placed that they are at right angles with
one another. Because of this arrangement,
no change of position of the individual is
possible without producing some move
ment of fluid in one or more of the canals.
Movement of the fluid in these canals.
Bends messages to the brain, which are
there interpreted as body movement.
Hence, the ears constitute the motion
sensing organs of the body.
"2. When an individual is whirled, be it
Diagram Showing How the Laboratory Chair Is Used to
Simulate the Movements of What Is Known
Among Aviators as the "Tight Spiral."
The absence of such an essent:al organ as
a motion-perceiving apparatus is too great
a handicap to the man travelling in an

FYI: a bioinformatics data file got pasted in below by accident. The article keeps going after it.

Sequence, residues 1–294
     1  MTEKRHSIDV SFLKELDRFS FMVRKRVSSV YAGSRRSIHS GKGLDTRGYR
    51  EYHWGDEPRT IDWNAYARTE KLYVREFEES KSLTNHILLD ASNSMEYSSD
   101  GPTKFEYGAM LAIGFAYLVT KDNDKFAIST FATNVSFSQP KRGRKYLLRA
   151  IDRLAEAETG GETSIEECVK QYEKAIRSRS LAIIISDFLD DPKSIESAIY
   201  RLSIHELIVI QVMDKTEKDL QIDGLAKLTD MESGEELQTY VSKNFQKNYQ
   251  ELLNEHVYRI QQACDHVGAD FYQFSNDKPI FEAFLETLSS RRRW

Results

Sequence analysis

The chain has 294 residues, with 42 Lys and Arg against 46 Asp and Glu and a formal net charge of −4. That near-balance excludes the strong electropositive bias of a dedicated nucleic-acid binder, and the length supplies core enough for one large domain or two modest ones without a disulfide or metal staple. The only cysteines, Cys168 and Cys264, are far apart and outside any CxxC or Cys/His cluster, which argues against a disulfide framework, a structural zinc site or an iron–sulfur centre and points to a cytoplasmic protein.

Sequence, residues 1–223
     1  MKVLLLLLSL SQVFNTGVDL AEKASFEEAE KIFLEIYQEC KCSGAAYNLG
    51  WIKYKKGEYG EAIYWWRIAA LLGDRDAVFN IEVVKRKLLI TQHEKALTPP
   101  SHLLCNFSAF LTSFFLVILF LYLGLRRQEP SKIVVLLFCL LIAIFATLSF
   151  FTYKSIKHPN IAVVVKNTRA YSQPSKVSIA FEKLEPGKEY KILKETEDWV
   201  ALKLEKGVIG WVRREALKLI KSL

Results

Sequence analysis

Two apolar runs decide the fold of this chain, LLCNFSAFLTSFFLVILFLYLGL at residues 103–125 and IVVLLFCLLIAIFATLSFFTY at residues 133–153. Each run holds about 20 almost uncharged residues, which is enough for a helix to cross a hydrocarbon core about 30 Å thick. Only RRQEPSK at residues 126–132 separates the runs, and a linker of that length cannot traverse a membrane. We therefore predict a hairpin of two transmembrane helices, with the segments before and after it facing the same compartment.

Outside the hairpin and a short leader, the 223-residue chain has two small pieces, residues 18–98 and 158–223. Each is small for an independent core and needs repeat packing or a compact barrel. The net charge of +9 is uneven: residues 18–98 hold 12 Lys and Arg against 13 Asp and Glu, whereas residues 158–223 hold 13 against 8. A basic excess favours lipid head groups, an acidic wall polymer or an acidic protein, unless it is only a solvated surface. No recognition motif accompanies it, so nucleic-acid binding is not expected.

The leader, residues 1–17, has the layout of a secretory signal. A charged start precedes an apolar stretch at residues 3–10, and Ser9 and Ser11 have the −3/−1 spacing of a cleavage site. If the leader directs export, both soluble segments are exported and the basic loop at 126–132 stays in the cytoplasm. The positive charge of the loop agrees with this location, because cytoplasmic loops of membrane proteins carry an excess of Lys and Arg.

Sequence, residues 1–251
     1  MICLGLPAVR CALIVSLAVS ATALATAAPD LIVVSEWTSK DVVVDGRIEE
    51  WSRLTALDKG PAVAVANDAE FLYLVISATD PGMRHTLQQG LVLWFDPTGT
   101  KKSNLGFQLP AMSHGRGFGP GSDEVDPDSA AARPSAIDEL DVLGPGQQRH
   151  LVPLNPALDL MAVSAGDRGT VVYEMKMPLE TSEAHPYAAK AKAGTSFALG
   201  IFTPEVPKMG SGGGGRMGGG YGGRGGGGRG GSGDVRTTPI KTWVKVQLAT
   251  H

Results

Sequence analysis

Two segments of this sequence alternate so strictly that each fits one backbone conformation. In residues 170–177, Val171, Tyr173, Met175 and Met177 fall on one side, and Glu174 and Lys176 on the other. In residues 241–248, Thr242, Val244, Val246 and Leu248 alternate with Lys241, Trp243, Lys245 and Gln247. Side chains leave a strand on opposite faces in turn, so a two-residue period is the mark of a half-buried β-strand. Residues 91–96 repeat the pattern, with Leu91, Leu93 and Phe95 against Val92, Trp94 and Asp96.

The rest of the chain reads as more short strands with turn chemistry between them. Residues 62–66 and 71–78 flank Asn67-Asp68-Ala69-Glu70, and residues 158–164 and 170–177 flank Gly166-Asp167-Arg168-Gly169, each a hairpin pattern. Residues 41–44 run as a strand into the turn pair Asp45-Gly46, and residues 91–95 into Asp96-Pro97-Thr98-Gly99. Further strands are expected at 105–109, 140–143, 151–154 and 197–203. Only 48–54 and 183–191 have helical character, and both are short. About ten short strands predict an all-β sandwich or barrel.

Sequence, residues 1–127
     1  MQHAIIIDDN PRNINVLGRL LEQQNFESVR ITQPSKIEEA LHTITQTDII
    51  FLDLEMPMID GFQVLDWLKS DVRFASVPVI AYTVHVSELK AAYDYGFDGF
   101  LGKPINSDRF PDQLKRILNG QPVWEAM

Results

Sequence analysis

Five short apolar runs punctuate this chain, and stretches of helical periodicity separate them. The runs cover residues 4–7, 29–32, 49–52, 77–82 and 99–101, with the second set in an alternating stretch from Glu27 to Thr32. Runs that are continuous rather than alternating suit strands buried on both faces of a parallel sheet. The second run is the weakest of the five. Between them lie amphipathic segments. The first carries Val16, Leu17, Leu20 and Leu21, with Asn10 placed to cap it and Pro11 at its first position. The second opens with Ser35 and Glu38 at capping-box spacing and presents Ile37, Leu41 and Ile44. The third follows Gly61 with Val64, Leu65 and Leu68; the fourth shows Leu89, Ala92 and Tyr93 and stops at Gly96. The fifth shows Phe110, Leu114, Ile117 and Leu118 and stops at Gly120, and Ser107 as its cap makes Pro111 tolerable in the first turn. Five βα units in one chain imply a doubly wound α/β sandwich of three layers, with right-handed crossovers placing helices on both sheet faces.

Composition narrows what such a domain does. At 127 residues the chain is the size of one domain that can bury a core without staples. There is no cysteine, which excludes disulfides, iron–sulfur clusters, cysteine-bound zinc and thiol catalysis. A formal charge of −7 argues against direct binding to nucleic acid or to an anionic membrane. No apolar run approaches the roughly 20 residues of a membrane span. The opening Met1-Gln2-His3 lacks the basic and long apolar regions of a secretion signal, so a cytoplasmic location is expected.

'air medium' to Justify him even in think
ing for a moment that he could dispense
with it for the sole benefit of vertigo im
munity, especially since the normal indi
vidual can acquire such an immunity with
out much difficulty.
"There are three cardinal angles or po
sitions or vertigo, it seems?horizontal,
frontal and sagittal. These angles are il
lustrated by the diagram of the three heads
at the bottom of this page.
"The greatest usefulness of the knowl
edge that 'stunting' is an ear problem lies
in the fact that the flier may be educated
to disregard the vertigo effects of his
in-the laboratory or in an aeroplane, there a'stunts' in the laboratory, instead of among
is produced a circulation of this fluid in
certain definite canals and planes. Now, if
the turning is suddenly altered or stopped,
or if the aeroplane comes out of a rotating
manoeuvre, the fluid in the canals con
tinues to move in its former plane by sheer